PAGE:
Engineer's $30m windfall from Nintendo 3DS patent spat SLASHED by beak
Jury's payout branded 'excessive' because handheld is 'unprofitable'
A US judge has halved a $30.2m payout awarded to an inventor by a jury in a patent infringement trial involving Nintendo's 3DS console.
The panel of peers in New York handed ex-Sony engineer Seijiro Tomita the multimillion-dollar damages after finding that Ninty had infringed his patented 3D display technology - which allows players to see stereoscopic images without special glasses. Tomita sued the Japanese giant in 2011.
But Judge Jed Rakoff said on Wednesday that amount was "intrinsically excessive" and couldn't be supported by the evidence presented during the trial (a PDF of the original complaint is here). The beak said the handheld 3DS gadget wasn't profitable and the majority of games for the console weren't using 59-year-old Tomita's patented tech.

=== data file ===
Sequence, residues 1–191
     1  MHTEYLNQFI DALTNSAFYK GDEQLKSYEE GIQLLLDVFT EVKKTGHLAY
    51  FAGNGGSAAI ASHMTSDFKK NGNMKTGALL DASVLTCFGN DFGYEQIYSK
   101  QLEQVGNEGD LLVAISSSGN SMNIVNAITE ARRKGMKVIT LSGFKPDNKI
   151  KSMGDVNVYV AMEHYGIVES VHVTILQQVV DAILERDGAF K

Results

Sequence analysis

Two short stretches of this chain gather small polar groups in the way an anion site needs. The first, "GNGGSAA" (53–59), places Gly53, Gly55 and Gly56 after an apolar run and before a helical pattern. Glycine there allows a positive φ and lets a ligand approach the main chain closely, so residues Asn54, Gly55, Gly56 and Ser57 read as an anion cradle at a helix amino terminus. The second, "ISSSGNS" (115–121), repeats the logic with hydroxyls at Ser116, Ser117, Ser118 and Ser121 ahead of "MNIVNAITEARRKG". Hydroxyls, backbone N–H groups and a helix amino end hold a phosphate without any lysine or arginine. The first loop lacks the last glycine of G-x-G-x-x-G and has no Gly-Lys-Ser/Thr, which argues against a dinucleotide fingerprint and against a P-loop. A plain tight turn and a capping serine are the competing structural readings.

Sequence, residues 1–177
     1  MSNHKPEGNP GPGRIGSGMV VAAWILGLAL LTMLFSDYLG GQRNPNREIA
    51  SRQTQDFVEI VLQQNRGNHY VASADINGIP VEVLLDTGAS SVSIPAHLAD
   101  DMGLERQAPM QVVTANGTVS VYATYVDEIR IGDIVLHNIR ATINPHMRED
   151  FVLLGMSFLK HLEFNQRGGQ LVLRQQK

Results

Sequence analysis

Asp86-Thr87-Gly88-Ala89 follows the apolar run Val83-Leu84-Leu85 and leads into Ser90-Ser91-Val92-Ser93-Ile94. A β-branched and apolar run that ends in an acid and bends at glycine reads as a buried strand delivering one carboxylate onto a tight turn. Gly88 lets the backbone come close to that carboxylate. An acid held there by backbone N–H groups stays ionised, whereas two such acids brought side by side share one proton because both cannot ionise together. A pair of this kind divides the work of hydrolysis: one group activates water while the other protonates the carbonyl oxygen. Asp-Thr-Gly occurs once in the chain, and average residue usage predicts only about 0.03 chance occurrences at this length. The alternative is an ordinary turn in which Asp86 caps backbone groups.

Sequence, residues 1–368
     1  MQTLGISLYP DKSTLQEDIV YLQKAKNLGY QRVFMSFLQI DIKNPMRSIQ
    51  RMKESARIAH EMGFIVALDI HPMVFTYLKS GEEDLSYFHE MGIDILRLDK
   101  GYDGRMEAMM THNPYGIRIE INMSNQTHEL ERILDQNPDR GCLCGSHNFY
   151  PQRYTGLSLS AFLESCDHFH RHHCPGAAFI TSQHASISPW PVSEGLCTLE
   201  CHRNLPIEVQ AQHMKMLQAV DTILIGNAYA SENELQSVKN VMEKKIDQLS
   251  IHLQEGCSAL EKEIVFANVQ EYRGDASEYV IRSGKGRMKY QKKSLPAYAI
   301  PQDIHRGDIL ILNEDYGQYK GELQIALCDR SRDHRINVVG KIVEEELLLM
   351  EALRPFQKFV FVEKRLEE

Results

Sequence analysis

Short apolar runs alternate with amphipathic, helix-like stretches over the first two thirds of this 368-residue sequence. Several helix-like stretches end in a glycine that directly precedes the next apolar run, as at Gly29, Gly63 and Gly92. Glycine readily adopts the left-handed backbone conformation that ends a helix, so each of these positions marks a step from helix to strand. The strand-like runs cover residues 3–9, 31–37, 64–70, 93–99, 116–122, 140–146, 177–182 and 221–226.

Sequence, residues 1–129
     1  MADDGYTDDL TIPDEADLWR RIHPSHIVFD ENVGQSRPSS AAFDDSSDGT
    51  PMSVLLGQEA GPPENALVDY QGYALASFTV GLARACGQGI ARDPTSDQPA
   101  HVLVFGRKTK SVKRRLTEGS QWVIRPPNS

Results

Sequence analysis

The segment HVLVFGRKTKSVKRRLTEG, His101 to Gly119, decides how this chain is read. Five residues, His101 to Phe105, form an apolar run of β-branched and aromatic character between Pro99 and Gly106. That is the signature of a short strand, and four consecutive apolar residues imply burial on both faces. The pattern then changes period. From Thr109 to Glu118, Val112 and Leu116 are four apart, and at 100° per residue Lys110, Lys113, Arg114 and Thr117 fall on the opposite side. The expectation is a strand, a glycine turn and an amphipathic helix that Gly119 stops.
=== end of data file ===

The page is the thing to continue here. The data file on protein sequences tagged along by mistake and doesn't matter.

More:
Tomita - who worked for Sony for 30 years until he left in 2002 to design his own stuff - must now decide by 23 August whether to accept an award of $15.1m or push for a new damages trial, the judge said.
Nintendo had argued for a new liability trial or an overturning of the jury's verdict, both of which Judge Rakoff denied. The entertainment giant said it was planned to take the decision to the court of appeals.
"Nintendo respects the intellectual property rights of other companies and is confident that none of its products infringes the asserted patent," Charlie Scibetta, a spokesman for Nintendo, said in a statement to reporters.
Joe Diamante, Tomita's lawyer, said: "We are still reviewing the decision and have no comment." ®
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